More Than Just Falling: The Art of Self-Preservation

A short piece discussing the concept and the practice of ukemi, usually translated or defined as “the art of falling.” Here, we try to look past this surface definition or translation. This originally appeared in jujitsu pioneer Geroge Kirby’s Kokoro newsletter in March 2019 issue.

 

In the traditional Japanese martial arts, many practitioners learn that ukemi is taking a fall in response to another’s application of technique, or the “art of falling.” However, that definition only seems to scratch the surface. As is the case with many foreign words and concepts, its deeper meaning may be lost in the translation. Before an alternative or expanded definition is offered, consider these points: as practitioners, how do we perform ukemi in the dojo? Do we stop our motion and wait until nage/tori (the “thrower”) applies the technique – a very common method for us all – or are we engaged with nage’s movements, where uke moves with nage’s lead and application? This latter form of ukemi, moving and flowing with nage’s lead and application, takes time to apply, but will help preserve the body from taking the brunt of the technique. In other words, ukemi is about self-protection and can be perceived as the “art of self-preservation.”

Ukemi translates to “receiving body.” In the case of martial arts, it is receiving bodily energy, or strikes, grabs, pushes, or throws from another person. Ukemi is an extension of the role of uke, “the receiver.” Uke therefore receives nage’s energy to perform ukemi in order to keep themselves safe during nage’s execution of technique. In this sense, it would not bode well for uke to stand still as nage performs the technique. Nage may lock uke’s arm or wrist or move to a blind spot, putting uke in a more compromising position. The same principle applies to uke and demonstrates the importance of proper ukemi.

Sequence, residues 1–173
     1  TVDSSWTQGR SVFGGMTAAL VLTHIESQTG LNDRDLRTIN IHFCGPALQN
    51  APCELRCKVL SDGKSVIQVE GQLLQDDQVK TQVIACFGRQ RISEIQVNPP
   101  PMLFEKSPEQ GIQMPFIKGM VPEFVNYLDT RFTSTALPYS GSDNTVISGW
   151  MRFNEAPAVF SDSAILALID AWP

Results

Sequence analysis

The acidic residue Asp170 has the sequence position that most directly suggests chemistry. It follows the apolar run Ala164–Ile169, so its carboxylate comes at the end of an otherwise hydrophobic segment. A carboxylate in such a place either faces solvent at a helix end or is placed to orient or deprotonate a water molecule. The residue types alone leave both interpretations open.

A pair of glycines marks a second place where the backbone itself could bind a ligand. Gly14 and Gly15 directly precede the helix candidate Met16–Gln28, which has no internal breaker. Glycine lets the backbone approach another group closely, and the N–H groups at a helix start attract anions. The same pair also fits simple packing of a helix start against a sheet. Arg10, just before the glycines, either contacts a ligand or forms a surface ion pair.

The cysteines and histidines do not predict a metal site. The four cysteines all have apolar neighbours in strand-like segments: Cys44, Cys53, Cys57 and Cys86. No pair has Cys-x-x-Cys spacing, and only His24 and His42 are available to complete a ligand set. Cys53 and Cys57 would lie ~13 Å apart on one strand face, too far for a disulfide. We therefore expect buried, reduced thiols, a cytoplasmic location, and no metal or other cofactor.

With this principle in mind in the dojo, it would then benefit uke to flow or move with nage’s technique. If nage begins a lock on the wrist or arm, uke should move with nage’s application to help alleviate some pain. Uke’s movements and connection to nage’s movements and application helps dissipate the effects of technique but also creates two options: to attack again or to escape. Uke should experience some levels of discomfort during the technique to let them know that nage is applying the technique correctly/effectively. However, this does not mean that nage should hurt uke on purpose; nage is responsible for the care and safety of uke during technique. Likewise, it is also uke’s responsibility to maintain awareness and vigilance in their role to maintain safety. Trust in our partners is vital to the overall learning experience. If nage attempts to move to a blind spot, uke should turn towards nage, realigning their center to reengage. Here, uke must be active in their observation of nage’s movements to preserve themselves. If not, then uke may incur some serious pain or injury.

I should clarify that being an active uke does not mean that uke forgoes the technique to gain an illusion of control or advantage over nage; uke’s movement should be in correlation or relation to the movements of nage and the technique. Nage, in turn, should not perform the technique inefficiently, ineffectively, and/or incorrectly to keep uke safe, but rather in a unified and mindful execution of skill and precision that mutually benefits both practitioners. The goal is to enhance the learning experience by fulfilling roles prescribed for the particular technique. Working with a partner on a pre-determined set of movements is a common way jujitsu, judo, and aikido practitioners learn. By nage performing the technique as taught and uke actively moving appropriately with the former, both practitioners will absorb the day’s lesson and remain true to the technique while maintaining ample safety.

Ukemi, in this sense, is nuanced, and thus, difficult to fully explain in writing. This type of ukemi, like the majority of martial arts, is best learned by doing and allowing for trial and error, honing the aspects in real time with consistent training. Once the practitioner has a grasp on this type of ukemi, their ability as uke and confidence in their ukemi skills will increase. With both the increase in ukemi skills and ability as uke, the practitioner breaks the waiting habit as uke and dives deeper into understanding the technique. Be it a different perspective, a counter, or an escape, going with the flow of the technique not only helps alleviate pain but also reinforces and expands both uke’s and nage’s learning experience and knowledge of the technique.

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